When therapy goes wrong, it’s typically because we’ve entered our clients’ trance, joining them in their myopic misery. Once there, our job is to break the spell, broaden the vision, and open ourselves to possibilities outside the tunnel.
A therapist uses a Hollywood analogy to help a client learn an important lesson about distinguishing behavior from identity.
Often clients come to therapy to resolve ambivalence or because they can’t make up their minds. But sometimes, the problem is that they’re too certain about things they should be uncertain about.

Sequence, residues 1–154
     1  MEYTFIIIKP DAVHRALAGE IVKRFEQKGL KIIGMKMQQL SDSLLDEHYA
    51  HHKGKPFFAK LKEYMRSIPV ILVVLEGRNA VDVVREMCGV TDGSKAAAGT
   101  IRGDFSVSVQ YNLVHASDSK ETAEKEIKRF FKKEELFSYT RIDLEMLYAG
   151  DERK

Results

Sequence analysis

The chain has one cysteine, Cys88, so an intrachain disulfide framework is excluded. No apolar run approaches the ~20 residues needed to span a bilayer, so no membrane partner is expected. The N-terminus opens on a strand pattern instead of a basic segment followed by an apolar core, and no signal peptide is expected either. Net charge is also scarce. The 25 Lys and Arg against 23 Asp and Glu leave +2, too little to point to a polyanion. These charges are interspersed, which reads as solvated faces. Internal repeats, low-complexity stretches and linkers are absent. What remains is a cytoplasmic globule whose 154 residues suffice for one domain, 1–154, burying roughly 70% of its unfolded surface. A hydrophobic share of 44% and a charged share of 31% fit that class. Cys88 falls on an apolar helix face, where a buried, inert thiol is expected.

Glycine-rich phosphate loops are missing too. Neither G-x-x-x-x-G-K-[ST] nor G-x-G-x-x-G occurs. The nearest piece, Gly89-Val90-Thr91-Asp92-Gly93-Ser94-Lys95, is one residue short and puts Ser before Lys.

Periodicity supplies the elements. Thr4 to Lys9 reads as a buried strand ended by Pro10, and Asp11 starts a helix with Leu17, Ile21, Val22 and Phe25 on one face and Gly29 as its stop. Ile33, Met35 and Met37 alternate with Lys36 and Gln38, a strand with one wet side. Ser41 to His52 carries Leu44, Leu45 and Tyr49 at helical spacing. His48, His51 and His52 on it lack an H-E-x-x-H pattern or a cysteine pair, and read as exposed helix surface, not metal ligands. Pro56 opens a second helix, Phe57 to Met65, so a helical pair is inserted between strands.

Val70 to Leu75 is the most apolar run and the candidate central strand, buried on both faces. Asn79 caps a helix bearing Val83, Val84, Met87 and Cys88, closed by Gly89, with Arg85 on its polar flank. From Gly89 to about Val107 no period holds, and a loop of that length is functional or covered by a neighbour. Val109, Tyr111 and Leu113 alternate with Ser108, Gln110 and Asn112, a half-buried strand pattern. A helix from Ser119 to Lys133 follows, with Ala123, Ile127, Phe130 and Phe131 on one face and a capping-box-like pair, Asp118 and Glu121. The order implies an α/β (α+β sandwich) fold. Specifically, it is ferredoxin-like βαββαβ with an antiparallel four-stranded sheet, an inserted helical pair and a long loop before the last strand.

Noticing a client’s nonverbal shifts isn’t enough. You must know what these shifts mean.
Brain Science and Clinical Breakthroughs
Is it Them or Us?
Therapists were doing helpful work long before neuroscience made its official debut and the field developed a collective case of “brain fever.” In fact, at this stage of its development, neuroscience may be irrelevant to what needs to happen in therapy.
Learn a powerful, rapid, gentle way to work with clients’ primary sensory experiences and help them recover from common clinical problems based on underlying trauma without needing to know anything about the content of the trauma.